BPN496: Chemomechanical Nanomachine for Artificial Biomolecular Signal Transduction and Drug Delivery

Gabriel J. Lavella

We have developed a class of nanomachine that can rationally designed to chemomechanicaly respond to user specified antigenic biomolecules. Our long term goal is to demonstrate that these devices can be employed to achieve highly localized controlled of the cell signaling network.

Project end date: 08/16/12

BPN636: Extremely Elastic Strain Gauges via Nanotube Percolation Poisson Capacitors

Daniel J. Cohen

There is a growing need for stretchable electronics and sensors, and so we have developed a best-in-class stretchable strain gauge designed to meet this challenge. Our device works by measuring capacitive changes in parallel networks of carbon nanotubes separated by an elastomer. The device supports strains up to 100% with less than 3% variability over 3000 cycles, and does so at a materials cost of under 50 cents/sensor. The sensitivity is 0.99, while the theoretical maximum for a stretchable gauge is 1. By contrast, metal-foil gauges (the current standard) can only sustain strains...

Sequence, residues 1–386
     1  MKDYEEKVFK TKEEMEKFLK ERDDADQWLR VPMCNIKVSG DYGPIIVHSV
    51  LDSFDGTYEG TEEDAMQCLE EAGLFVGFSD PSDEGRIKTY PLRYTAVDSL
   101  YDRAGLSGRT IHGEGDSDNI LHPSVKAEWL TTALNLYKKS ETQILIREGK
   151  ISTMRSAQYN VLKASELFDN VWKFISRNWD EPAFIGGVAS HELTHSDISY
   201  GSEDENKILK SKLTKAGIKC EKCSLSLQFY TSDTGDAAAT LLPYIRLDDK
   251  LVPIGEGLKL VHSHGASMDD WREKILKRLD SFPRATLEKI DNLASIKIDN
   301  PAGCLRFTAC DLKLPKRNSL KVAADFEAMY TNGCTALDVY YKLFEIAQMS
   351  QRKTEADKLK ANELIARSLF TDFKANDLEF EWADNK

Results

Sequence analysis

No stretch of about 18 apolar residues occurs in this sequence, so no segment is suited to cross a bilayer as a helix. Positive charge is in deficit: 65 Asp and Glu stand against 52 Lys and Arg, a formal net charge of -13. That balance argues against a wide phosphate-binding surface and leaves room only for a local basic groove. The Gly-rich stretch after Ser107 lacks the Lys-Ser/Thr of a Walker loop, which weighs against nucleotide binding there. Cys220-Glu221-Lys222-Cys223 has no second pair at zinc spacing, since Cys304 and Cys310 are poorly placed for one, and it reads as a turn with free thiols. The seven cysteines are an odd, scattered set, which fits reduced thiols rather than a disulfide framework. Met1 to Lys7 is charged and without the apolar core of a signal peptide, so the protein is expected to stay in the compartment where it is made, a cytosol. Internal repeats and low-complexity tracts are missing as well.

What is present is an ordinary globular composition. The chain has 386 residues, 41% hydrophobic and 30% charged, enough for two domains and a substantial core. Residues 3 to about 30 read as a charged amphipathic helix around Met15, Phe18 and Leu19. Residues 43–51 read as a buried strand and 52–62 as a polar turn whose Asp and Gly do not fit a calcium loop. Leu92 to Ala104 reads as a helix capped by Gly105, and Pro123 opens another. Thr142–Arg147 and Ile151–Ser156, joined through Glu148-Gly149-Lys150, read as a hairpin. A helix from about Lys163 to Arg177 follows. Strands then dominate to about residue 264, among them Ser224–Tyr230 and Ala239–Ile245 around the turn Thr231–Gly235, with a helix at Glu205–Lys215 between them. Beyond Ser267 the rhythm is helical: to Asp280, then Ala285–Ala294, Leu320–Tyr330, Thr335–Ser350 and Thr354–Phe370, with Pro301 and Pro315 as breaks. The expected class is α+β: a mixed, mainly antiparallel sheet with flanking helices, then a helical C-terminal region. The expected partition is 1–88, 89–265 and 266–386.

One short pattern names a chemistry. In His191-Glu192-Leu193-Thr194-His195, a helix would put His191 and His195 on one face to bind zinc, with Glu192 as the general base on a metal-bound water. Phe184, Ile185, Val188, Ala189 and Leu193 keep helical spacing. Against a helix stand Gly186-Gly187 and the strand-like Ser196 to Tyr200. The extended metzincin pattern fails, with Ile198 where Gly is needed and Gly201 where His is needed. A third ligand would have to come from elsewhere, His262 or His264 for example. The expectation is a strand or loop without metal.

BPN484: Effects of Cell Contact in Differentiation of Adult Neural Progenitor Cells

Sisi Chen

Cell-to-cell contact plays an important but poorly understood role in stem cell differentiation. Many proteins, such as notch, hedgehog, cadherins, and gap junctions rely on cell contact for signal transduction. The goal of this project is to probe the effects of cell contact in the differentiation of adult neural progenitor cells by high efficiency micropatterning techniques for monitoring dynamic activity or for downstream expression profiling. The adaptation of a microfluidic platform for the delivery of chemical gradients will also enable us to probe the ability of cells to...

BPN664: Blocks in Cells' Clothing: Mechanical Design of Tissues

Daniel J. Cohen